The 520 chain conversion on my Daytona 675 came about because I wanted to change the bike’s gearing to get faster drive out of corners. Although this isn’t necessarily that important on the road it is pretty useful on the track.
While the sprocket changes would produce the gearing change I desired, switching to a 520 chain (from the standard 525 chain) at the same time would also allow for bigger choice of sprockets, and lighter ones too. Less weight in the rear sprocket and chain means less rotational mass which helps make direction changes a little easier and faster.
The standard chain and sprocket setup on the Triumph Daytona 675 (for 2006-2012 models) is a 116 link 525 chain with a 16 tooth front/gearbox sprocket and a 47 tooth rear sprocket. Most people who want the same improved drive recommend going down 1 tooth on the front and up 2 on the rear, so that you end up with a 15 tooth front and 49 tooth rear.
The table below gives you an indication of the gearing changes you can achieve by changing either the front or rear sprocket or both together.
The baseline (standard) gearing for the Daytona 675 is 16/47. In gearing changes, the tradeoff is between torque and speed. In 3rd gear at 12750RPM the Daytona on standard gearing will reach 110mph (178kph), while at the same RPM it can (in theory) reach 152mph (245kph) in top or sixth gear. Using a 15/49 gearing, top speed in 3rd is reduced to 100mph (160kph) and 137mph (220kph) in sixth gear.
I decided to go with a pair of Renthal sprockets; a lightweight 15 tooth steel sprocket for the front and a light but hardened 49 tooth anodised gold alloy sprocket for the rear.
Although worried about using an alloy rear sprocket I was assured that the rear will last as long as the chain and front.
There are various chains available on the market, but motorcycle mechanics that I’ve spoken with rate the DID chains over Tsubaki and others. A product description for the DID VX-GB chain that I ended up chosing describes it as follows:
VX-GB Series Chains have superior strength to withstand the tremendous horsepower of current high performance motorcycles. A patented low friction X-Ring is used for maximum performance. D.I.D VX-GB X-Ring chains feature gold side plates and reduces friction by twisting between the side plates instead of being squashed. Normal O-Rings and other makers’ modified O-Rings have squashed points that increase friction. The twisting resilience of the X-Ring’s four sections greatly increases its sealing performance. This keeps the dirt out and the lubrication in much better than any other O-Ring. X-Rings have the greatest wear resistance of any other type of O-Ring or Non-O-Ring chain
When ordering the chain, the sales rep was surprised that I didn’t select the race version of the chain, the DID Road Race X Ring Gold Drive Chain as he thought this would be more appropriate for a track bike. Since the race chain cost over twice the amount of the VX-GB chain, I figured that I would just have to replace the chain a little more frequently if necessary. I’ve no doubts about the DID VX-GB being plenty tough enough for the Daytona 675 – in fact I read that the 520 chain has a higher tensile strength than the 525 chain!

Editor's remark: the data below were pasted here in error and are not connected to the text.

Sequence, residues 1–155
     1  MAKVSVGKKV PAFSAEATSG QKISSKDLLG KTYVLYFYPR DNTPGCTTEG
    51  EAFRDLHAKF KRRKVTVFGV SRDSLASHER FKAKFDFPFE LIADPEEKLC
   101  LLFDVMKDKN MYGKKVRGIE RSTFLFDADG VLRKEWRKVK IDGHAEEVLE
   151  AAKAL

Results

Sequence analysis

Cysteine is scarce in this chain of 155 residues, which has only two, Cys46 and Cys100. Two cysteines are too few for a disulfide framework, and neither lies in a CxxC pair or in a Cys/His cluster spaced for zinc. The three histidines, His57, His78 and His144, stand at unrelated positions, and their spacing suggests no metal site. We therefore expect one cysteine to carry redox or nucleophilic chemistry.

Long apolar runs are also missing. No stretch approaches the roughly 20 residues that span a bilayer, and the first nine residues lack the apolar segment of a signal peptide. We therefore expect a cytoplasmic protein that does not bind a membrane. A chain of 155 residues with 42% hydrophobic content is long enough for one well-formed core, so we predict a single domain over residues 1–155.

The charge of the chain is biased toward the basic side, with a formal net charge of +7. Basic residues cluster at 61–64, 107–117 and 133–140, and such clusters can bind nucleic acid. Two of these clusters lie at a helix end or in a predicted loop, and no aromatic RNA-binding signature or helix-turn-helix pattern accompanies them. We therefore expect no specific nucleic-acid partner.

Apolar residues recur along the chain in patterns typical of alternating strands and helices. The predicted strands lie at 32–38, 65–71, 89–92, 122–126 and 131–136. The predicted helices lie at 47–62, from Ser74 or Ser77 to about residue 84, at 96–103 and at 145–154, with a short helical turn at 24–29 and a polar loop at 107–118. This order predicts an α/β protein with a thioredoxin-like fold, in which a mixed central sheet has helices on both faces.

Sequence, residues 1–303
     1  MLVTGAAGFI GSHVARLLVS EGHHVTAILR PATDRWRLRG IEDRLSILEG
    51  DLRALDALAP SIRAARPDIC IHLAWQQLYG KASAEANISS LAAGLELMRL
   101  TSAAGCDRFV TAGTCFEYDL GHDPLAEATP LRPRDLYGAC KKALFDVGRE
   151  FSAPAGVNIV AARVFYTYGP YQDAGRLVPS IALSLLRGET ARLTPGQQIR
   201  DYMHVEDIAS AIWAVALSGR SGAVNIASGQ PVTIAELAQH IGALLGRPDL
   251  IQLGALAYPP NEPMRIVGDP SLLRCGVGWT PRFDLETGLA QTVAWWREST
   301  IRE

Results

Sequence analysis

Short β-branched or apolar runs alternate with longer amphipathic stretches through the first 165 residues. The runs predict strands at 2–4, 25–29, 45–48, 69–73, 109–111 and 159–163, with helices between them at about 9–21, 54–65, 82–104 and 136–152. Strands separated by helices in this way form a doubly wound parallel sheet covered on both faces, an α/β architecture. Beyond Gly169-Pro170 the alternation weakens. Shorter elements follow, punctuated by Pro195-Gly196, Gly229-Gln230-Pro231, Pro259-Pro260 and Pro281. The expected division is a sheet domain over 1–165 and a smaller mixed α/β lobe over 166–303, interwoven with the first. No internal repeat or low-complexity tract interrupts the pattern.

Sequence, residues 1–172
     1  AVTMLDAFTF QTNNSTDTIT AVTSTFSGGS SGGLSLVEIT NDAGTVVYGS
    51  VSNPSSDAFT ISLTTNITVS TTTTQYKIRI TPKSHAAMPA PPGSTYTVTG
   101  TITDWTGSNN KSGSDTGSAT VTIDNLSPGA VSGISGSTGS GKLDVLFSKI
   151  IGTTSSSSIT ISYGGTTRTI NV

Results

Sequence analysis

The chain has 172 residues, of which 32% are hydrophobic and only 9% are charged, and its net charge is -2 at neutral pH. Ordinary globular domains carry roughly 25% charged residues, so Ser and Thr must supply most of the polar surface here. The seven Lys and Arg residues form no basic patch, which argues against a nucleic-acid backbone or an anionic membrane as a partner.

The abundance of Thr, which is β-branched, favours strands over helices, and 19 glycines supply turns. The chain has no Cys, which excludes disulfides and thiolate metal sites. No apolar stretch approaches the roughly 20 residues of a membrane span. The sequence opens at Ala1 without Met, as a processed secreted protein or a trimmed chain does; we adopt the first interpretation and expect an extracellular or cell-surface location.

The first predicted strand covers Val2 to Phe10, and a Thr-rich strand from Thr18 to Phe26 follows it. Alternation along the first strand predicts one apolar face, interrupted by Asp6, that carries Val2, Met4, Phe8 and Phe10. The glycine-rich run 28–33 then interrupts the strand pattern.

The standard 525 chain length is 116 links. Because the new rear sprocket is larger then the original one I knew I would need a longer chain in order to be able to keep the rear wheel spindle in the same place as before – you want to do this to avoid changing the bike geometry. I wasn’t sure how long a chain to buy and ended up settling on a 120 link chain. This was slightly too long and I ended having to remove at least one link (and possibly two, I can’t remember now) using an angle grinder.
One of the annoying things about the 520 DID VX-GB chain is that a split link is provided to join the chain instead of a rivet link (like the one shown here). I only found this out after I went to join the new chain which resulted in a trip down to the nearest dealer to buy the rivet link. I don’t think using a split link on a high performance road or track bike is a particularly good idea.
Here are the parts for the whole conversion:
|385U-520-15||Renthal 520 15T lightweight front sprocket||£14 (US$22)|
|456U-520-49HA||Renthal 520 49T alloy rear sprocket||£30 (US$48)|
|520VXGB-120||DID 120 link Gold/Black chain||£92 (US$147)|
|?||DID 520 rivet link||£10 (US$16)|
After fitting the new chain and sprockets I test rode the bike on the street and to be honest I couldn’t really notice a massive difference between the old and new gearing. However, the first time I tried the new gearing on track I immediately noticed two things. Firstly the bike’s acceleration out of corners was much (10%) better than before. In fact a couple of riders at a Cartagena (short and twisty) track day remarked that they struggled to keep up with my Daytona as it out accelerated them from the same starting speed on corner exits. The second significant difference was that in (hairpin) corners where I would normally have to use second gear, I could now get away with third. In fact in four days at Cartagena this year, I only used second gear once on track and that was by mistake!
On short and twisty tracks, the -1/+2 gearing change is well worth doing. For faster circuits, it may be worth trying a lesser change in order not to compromise your top speed on the straights so much. In fact I might consider buying another 16T front sprocket to use on track days at faster circuits. Why a front? Because changing the front sprocket is generally quicker than changing the rear one.
One by-product of the gearing change is that my speedo now over-reads by 10%. Since this is going to cause the bike’s odometer to overestimate the bike’s mileage, I’m going to fix this by changing the gearing parameter in the bike’s ECU. I’ve documented this in my post on using TuneECU to recalibrate the speedo.